Dale Rodmell argues that dismissing an evidence-based approach to Marine Protected Area planning in favour of precaution is misguided.
Shortly before Parliament was dissolved for the election, the Environmental Audit Committee (EAC) reported on its latest inquiry into Marine Protected Areas (MPAs). Amongst its findings, the EAC concluded that insofar as the MPA network in English waters was concerned:
“The Government should not make perfection the enemy of the good by using a lack of ‘perfect data’ as an excuse to delay the designation of sites. The Government must adopt a precautionary principle approach to Tranche 3 site selection and designations should be made using ‘best available’ data” (i).
A range of organisations including RSPB, the Marine Conservation Society and the Marine Biological Association claimed that the standard of evidence the government required as part of the process was too high and that the goal posts had shifted. This referred to the best available evidence principle stated by the Government at the start of the Marine Conservation Zone (MCZ) planning process in 2010, an elaboration of the precautionary principle that “lack of full scientific certainty should not be a reason for postponing proportionate decisions on site selection”(ii). RSPB stated that the current Government was “requiring full scientific certainty for designation of sites, despite little or no investment in the gathering of further evidence to support the designation of the sites identified within the initial MCZ process”.
In drawing its conclusion, the EAC was apparently convinced by these arguments. The government has yet to respond to the report.
Consequences and Contradictions
The EAC is not the first to hold the government’s feet to the coals over applying the precautionary principle, and the recomendation follows in the vein of its previous MPA inquiry in 2014. As a means of avoiding irreparable environmental damage, the preacuationary principle has a sound footing in environmental policy. But good public policy ideas can cause harm if badly applied as simplistic policy fixes that overrule all else. This is the case with the EAC’s recommendation, which is based on shallow political advocacy that fails to get to grips with the concrete issues associated with handling evidence and decision-making over environmental protection and the management of human activities, and glosses over the fact that evidence is critical in striking the right balance.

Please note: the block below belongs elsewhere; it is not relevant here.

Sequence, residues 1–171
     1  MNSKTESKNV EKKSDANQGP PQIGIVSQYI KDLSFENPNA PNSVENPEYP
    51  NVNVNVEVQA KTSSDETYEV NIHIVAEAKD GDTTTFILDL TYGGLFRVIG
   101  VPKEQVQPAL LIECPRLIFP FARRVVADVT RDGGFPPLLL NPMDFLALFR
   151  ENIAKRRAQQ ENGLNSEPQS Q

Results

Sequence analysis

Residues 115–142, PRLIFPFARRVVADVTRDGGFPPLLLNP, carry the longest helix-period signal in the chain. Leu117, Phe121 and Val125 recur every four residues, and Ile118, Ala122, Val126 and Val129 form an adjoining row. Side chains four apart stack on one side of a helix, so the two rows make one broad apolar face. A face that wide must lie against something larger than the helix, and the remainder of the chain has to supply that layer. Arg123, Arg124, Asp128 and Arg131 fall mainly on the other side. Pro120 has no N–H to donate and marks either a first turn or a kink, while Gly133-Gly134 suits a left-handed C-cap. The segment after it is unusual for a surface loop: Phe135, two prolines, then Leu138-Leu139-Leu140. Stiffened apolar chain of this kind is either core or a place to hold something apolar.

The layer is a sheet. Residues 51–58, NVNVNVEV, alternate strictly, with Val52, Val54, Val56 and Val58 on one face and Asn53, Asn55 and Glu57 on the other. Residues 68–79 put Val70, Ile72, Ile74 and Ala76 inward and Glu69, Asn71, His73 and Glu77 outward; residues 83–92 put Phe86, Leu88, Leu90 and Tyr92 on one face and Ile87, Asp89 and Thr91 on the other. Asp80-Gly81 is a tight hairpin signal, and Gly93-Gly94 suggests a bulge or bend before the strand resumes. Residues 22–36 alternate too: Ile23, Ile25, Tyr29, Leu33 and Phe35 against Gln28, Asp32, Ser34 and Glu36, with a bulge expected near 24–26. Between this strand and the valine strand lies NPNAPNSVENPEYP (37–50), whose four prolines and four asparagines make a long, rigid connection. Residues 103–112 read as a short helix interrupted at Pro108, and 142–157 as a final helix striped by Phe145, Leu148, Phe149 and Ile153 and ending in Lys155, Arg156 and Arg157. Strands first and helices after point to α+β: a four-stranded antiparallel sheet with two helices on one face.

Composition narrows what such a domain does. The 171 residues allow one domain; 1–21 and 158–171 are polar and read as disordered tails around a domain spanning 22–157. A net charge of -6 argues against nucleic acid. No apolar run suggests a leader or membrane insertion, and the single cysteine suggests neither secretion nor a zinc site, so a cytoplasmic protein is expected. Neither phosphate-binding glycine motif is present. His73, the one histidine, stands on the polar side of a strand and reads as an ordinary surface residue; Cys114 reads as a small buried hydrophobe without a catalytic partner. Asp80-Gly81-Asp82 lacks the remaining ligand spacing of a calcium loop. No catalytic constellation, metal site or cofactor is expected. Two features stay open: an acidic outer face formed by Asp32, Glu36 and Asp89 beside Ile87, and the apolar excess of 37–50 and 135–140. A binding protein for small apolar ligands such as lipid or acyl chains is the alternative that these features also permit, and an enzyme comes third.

A dogmatic pursuit of the precautionary principle also exposes an incoherence among the EAC’s report’s other recommendations and fails to acknowledge what an evidence based process has already delivered for the MCZ planning process.
Contrary to the RSPB claims, since the initial selection of recommended English MCZs in 2011, marine survey campaigns have generated new data that has altered the classification of habitats found in many of the recommended sites. This in turn has led to identifying gaps in the network and subsequently to the identification of new recommended sites by Natural England and JNCC. As the EAC also recommends that the network is completed in full, if government is to refrain from gathering additional evidence it is clear that the network would not meet its set targets to cover representative habitat types.
The EAC’s recommendation that the government reinstate reference areas, which would ban the majority of activities and would become fisheries no take zones, also reveals muddled thinking. These were initially put forward in 2011 by regional stakeholder projects, but were defined in too much of a hurry to be considered sensible proposals. The intention of such sites is that they function as a barometer for the health of the wider network of MPAs. But if government steps away from an evidence based approach, as the EAC advocates, and we do not do not know with any level of confidence what the actual habitats are in such locations, then quite simply they cannot provide that function and our ability to understand whether MCZs are doing anything useful will be compromised.
Wagging the Evidence Dog
Aside from knowing what is actually being protected by MCZs, too often a precautionary approach is called for simply when there is a limited evidence base, irrespective of the level of risk that is implied by human activity (i.e. likelihood that harm can be caused).
But the question of risk is key because despite evidence limitations, the level of risk implied by human activities can be assessed scientifically. In a high-risk setting, the proper application of precaution would be to take action, but in a low risk setting there is less reason to do so.